The Mens Open was sponsored by former jockey Anthony Ward-Thomas – who rode his last ever winner round Hackwood Park ten years ago – on behalf of his removals firm. For a long way, it looked like the spoils would go to Ballypatrick, who would have been Henrietta Knight's first winner between the flags for 27 years (!), but her ten year old could never get clear of the field after leading five out and was caught and passed at the last by Tin Pot Man, who won cosily by just over two lengths. Moscow Blaze never threatened back in third.
The ten-year-old ex-chaser is owned by Carol Sevenoaks, whose family had him under rules, and is trained by rider George Hiscock and his partner Charlotte Brown, who enthused "He's a little horse, under 16 hands, with the biggest heart. He goes on heavy ground and will stay all day long. He's won at two miles over hurdles and three miles three at Ffos Las and he loved the tight track and big fences here." Charlotte – who had her first ride in points last week – and George have five horses in training, including the promising Wyndcrest and the enigmatic Turtle Boys. Asked about plans for Tin Pot Man, she confessed, "I wouldn't mind the four-mile Hunter Chase at the Cheltenham evening meeting." It was an eighth career winner for George, who started out six years ago because "I always fancied doing it."
The fifth race, the Quilter Cheviot Club Members Race, was for veteran and novice riders, although as it turned out, none of the former took part. It turned into a procession for long odds-on Done A Runner, who moved to the head of affairs with a circuit to go and won by an official ten lengths (it looked further) from Driftwood Pride and Jetnova. It was a third consecutive easy victory for the ten-year-old in the hands of Jack Andrews – with four winners this year, the younger brother of Gina and Bridget must be in contention for the National Novice Riders title.
Winning owner and funeral director Toby Hunt came up with an interesting answer to my 'Where does the horse go now?' Inspired by Victoria Pendleton, he told me that he plans to embark on his own challenge. "It's called 'From Hearse to Horse'. I've never sat on a horse, but I'd like to ride him in my Hunt Members race next season." Not sure whether to take Toby seriously, I asked what he thought had brought about such good performances this year. "Every time he changes yards, he improves," was the answer, but there's a simple explanation to the switch from Alan Hill. "We moved to Luddington in the Brook and (trainer) Dale Peters is just a few miles up the road," Toby admitted.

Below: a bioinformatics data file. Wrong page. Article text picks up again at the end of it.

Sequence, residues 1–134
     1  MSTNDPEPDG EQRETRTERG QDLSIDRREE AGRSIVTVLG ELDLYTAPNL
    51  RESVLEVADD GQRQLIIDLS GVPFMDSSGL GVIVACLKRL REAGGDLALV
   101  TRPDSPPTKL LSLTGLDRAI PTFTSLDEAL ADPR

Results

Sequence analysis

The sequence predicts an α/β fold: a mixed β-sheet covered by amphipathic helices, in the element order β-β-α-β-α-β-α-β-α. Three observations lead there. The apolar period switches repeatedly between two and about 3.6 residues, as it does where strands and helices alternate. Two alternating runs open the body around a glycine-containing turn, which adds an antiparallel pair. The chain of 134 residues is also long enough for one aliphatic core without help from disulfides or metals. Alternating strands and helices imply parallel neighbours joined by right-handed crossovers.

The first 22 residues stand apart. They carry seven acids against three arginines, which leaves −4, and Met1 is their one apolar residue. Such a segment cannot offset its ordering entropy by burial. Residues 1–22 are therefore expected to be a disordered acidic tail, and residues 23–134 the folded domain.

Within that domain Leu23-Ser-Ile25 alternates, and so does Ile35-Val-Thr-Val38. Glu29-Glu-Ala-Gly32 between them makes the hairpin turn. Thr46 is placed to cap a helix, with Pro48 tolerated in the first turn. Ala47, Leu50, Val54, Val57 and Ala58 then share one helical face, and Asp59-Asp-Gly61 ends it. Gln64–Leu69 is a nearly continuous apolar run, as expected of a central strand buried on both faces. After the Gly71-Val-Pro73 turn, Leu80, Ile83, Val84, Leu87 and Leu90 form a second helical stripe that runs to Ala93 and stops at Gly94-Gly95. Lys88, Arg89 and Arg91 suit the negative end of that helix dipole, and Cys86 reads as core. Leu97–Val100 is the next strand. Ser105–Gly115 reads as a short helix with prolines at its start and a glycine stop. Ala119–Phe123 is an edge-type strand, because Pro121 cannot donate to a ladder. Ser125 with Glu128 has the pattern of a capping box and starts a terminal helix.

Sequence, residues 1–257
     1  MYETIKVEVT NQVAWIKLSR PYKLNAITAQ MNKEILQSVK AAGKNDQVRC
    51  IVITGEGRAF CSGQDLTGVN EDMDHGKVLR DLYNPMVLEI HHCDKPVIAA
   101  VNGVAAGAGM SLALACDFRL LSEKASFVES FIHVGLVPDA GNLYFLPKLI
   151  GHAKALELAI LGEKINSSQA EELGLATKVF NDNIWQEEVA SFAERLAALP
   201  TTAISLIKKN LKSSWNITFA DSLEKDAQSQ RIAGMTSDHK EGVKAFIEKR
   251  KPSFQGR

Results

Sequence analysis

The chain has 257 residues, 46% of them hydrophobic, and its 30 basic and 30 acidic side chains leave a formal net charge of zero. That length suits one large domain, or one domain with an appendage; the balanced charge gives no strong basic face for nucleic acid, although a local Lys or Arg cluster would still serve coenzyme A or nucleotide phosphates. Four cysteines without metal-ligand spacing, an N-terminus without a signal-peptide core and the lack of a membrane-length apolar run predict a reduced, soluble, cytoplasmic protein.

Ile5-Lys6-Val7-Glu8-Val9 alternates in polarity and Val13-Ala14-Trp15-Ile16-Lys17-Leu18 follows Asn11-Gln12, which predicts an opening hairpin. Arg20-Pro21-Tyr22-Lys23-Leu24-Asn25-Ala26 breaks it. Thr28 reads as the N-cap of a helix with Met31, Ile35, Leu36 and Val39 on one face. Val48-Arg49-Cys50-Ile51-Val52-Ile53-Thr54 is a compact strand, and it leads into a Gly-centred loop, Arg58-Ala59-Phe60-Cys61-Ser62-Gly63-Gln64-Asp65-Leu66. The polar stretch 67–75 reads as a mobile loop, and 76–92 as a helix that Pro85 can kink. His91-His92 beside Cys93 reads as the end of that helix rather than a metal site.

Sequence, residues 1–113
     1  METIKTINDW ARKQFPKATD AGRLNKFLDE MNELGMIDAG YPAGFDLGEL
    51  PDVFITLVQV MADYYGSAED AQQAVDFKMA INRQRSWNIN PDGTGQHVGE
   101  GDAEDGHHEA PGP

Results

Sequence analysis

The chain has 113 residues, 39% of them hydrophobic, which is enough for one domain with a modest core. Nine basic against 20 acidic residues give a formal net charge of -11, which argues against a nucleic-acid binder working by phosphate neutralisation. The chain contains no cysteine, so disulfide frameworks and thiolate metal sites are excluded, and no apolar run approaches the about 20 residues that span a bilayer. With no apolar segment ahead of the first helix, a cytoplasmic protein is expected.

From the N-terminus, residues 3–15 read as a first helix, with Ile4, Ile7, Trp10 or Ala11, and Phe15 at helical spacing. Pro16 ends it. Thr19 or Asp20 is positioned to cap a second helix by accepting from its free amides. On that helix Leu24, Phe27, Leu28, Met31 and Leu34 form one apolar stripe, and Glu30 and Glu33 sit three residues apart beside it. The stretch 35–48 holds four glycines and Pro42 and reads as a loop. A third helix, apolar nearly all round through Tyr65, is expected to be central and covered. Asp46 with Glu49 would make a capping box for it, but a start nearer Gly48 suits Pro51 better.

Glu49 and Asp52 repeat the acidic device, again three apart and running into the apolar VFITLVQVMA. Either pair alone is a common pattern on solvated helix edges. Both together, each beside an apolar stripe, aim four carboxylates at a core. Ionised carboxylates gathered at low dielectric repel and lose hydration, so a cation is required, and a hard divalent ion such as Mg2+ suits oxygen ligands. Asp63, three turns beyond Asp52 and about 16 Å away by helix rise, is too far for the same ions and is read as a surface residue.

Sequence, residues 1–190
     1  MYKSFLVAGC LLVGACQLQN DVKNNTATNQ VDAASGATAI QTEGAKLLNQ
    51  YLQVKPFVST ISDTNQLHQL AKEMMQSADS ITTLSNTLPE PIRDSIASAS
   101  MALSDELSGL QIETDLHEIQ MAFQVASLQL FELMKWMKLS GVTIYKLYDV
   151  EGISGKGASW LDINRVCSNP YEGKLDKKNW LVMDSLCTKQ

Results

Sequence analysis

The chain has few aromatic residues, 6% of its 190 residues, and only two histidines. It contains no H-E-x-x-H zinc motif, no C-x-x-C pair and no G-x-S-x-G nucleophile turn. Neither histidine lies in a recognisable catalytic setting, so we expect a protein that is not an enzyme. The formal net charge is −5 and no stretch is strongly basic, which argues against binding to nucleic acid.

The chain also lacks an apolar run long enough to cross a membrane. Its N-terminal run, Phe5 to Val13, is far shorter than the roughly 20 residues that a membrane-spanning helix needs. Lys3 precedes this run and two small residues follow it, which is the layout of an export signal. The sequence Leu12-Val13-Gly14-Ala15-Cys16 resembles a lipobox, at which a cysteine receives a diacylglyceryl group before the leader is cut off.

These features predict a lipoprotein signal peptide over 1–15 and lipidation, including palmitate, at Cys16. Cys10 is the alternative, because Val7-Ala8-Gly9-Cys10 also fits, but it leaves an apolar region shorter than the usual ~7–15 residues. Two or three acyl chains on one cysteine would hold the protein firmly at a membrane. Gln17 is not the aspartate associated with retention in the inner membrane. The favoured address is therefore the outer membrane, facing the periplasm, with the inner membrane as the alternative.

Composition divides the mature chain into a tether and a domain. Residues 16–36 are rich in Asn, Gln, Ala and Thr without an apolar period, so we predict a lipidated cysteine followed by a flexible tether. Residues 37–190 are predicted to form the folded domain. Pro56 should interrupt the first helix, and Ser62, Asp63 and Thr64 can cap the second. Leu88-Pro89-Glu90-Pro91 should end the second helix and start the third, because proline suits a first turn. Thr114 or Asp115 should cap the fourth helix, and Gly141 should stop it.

The closing contest, the Vernon Hervey Open Maiden, was the fourth of the day to go the way of the favourite. Connies Height looked likely to give Toby Hunt and Dale Peters a quick double when moving smoothly in front after three out, but George Bingham on Mirs Choice always had the leader in his sights and jumped clear at the penultimate fence to come home ten lengths in front, with the newcomer – and first runner as a trainer for Jack Andrews – a promising third.
The win was a real family affair. Jointly owned by George Bingham (senior) and Sue Maxse – in whose colours the horse ran on Sunday – Mirs Choice is trained by Sue's daughter (and mother of the jockey) Sarah Bingham. "We bought her cheaply from Ireland six months ago," George senior said of the mare. "We had a tack mishap at Badbury Rings, then she was a nice fourth at Larkhill. She's a cracking little horse and jumped sweetly." It was a third career winner, and first of the season for George junior, who is currently at medical school at University College London. "I've been riding since I was 17 and was bred into it – both my parents were amateur riders," he smiled.